Leon County Emergency Management Message
Dear Friends & Neighbors,
For our readers/viewers in Leon County, I’ve just received a message from Leon County Emergency Management, shared below:
For Wednesday, September 6
As Hurricane Irma continues on an unpredictable path, Leon County Emergency Management is actively monitoring and executing our emergency plans for this slow-moving, powerful storm. To stay up-to-date on Leon County preparedness actions, such as sand bag locations, shelter openings and preparedness tips, you have the following resources:
- Download the Leon County Citizens Connect mobile application – Completely redesigned, the Citizens Connect mobile app puts timely emergency notifications at your fingertips through push notifications on your smartphone or other device. Be the first to know about shelter locations, road closures and service changes by downloading the application on the Apple and Google Play stores.
- Visit the Leon County Emergency Information Portal – Hosting the same information as the Citizens Connect app, the Emergency Information Portal can be accessed on a desktop or a mobile browser by visiting www.LeonCountyFL.gov/EI .
- Listen to 88.9 WFSU-FM – Citizens can tune in to 88.9 FM for the most up-to-date information from local public safety officials. Featuring to-the-minute reporting, WFSU, Leon County and the City of Tallahassee remain committed to getting information out on the radio as soon as possible.
- Call Big Bend 2-1-1 – If you need community information, services and support any day of the year, Big Bend 2-1-1 is reachable by dialing either 2-1-1 or (850) 617-6333.
- Call (850) 606-3700 with questions – Leon County Emergency Management staff is available to answer questions from what you should prepare, act and recover.
- For updates on City of Tallahassee Utilities and other City services, visit Talgov.com .
- Insurance Helpline – The Florida Department of Financial Services offers a toll-free Insurance Consumer Helpline to assist Florida’s insurance consumers. Insurance Specialists are available to answer questions or concerns regarding insurance coverage and advocate on a consumer’s behalf to resolve a dispute with an insurance company. To receive assistance, call 1-877-MY-FL-CFO (693-5236) toll-free, Monday through Fridayfrom 8 a.m. to 5 p.m.
- Price Gouging – During a state of emergency, it is unlawful to sell or lease certain commodities for an amount that grossly exceeds the average price. To report price gouging, call 1-866-966-7226.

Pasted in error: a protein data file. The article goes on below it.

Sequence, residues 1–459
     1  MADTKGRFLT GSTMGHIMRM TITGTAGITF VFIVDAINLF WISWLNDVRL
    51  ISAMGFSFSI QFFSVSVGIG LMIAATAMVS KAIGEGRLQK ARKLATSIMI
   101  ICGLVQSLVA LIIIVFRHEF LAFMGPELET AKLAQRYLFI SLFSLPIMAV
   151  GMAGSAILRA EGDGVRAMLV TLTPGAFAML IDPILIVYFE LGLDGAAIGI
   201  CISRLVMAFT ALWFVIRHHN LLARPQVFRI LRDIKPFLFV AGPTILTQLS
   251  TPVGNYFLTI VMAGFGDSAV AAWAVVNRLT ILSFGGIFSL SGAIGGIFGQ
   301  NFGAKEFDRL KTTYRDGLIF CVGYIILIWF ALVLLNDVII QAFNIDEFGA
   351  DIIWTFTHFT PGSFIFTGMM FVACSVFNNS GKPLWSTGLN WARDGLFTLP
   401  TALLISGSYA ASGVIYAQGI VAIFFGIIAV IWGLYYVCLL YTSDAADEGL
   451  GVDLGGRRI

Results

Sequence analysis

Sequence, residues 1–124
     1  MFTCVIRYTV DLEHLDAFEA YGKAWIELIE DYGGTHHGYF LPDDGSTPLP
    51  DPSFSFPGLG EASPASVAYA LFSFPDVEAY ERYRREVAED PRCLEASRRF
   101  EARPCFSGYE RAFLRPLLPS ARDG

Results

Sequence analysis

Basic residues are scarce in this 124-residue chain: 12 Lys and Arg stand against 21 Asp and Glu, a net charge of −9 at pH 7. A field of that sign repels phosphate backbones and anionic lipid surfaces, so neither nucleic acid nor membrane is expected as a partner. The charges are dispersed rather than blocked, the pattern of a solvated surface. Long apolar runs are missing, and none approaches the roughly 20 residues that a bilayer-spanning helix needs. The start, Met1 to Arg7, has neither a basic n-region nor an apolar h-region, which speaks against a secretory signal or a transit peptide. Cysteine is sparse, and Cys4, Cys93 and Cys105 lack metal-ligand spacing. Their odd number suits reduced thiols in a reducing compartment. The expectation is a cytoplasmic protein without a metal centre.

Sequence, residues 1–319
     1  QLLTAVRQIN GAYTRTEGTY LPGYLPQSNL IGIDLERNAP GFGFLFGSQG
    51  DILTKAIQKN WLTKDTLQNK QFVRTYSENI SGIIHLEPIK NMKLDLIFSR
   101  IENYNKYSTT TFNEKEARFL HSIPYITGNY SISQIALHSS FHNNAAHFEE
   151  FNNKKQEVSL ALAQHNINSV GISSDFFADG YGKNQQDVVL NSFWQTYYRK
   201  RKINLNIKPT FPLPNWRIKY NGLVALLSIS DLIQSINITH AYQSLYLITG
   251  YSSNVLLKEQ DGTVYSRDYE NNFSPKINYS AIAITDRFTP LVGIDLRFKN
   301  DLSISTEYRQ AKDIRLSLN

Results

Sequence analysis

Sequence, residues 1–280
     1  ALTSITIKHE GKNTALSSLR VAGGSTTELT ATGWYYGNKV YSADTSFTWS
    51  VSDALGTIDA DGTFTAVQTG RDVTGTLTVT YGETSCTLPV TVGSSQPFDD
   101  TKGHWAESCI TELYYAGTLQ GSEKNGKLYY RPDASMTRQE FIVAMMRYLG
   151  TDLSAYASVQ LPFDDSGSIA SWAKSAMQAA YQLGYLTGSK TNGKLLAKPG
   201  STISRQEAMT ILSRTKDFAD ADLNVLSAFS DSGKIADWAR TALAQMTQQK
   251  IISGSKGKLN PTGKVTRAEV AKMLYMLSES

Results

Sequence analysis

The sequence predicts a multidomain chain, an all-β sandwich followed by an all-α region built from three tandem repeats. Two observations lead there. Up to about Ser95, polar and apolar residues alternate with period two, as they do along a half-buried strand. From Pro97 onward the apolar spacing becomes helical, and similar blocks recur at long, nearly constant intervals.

On Wednesday, Sept. 6, beginning at 10 a.m., the County and City made sandbags available to the public at the following locations:
- Tekesta Park, at Tekesta Drive and Deer Lake Road in Killearn Lakes
- Apalachee Regional Park (Landfill), 7550 Apalachee Parkway
- Lee Vause, 6024 Old Bainbridge Road
- At the intersection of Oak Ridge at Ranchero roads
- Jack McLean Community Center, 700 Paul Russell Road
- Winthrop Park, 1601 Mitchell Avenue
- James Messer Sports Complex, 2830 Jackson Bluff Road
- Lawrence-Gregory Community Center, 1115 Dade Street
These locations will be staffed to better assist citizens get the resources they need. Sand, bags and ties will be available for public use. Residents are asked to take no more than 15 bags so as to allow others to prepare. Staff will monitor the sites to replenish as needed.
Plan now because when disaster strikes it is too late to prepare. Leon County and the City of Tallahassee encourage citizens to put disaster supplies in a waterproof and durable five-gallon bucket. Keep these essential items near an exit door in your home or in your vehicle.
Some important items include a flashlight, medications, nonperishable food and water. You can see a full list of preparedness items at www.HaveAHurricanePlan.com/
Once you and your family have a hurricane preparedness plan in place, check on your neighbors to ensure that they have one, too. Neighborhoods that prepare together create strong support networks that are vital to a speedy recovery. In the event of a major disaster, your neighbors will be your closest resource and support.
Also, while Leon County is not under any watch or warning at this time, it is important to know the difference between a hurricane watch and a hurricane warning. A hurricane watch is an announcement that hurricane conditions (sustained winds of 74 miles per hour or higher) are possible within a specified area. Watches are generally issued 48 hours in advance of a hurricane winds. A warning is that conditions are expected, and these are issued 36 hours in advance.
Prepare your home for strong winds by visually inspecting trees on your property for poor health and reduce the risk to your home by trimming hanging limbs. If you have any questions about your tree’s health, contact a Certified Arborist to assist you.
The Capital Area Chapter of the American Red Cross is offering training this week for citizens interested in volunteering should a shelter activation be required. Learn more by calling 878-6080. Volunteer applications are available at RedCross.org.
Please prepare now before any watches or warnings are issued for Leon County. If you have any questions about how best to prepare, please call Leon County Emergency Management at (850) 606-3700.
For current information about local preparedness and response, please followTwitter.com/LeonCounty .
Gathered, written, and posted by Windermere Sun-Susan Sun Nunamaker
More about the community at www.WindermereSun.com
~Let’s Help One Another~
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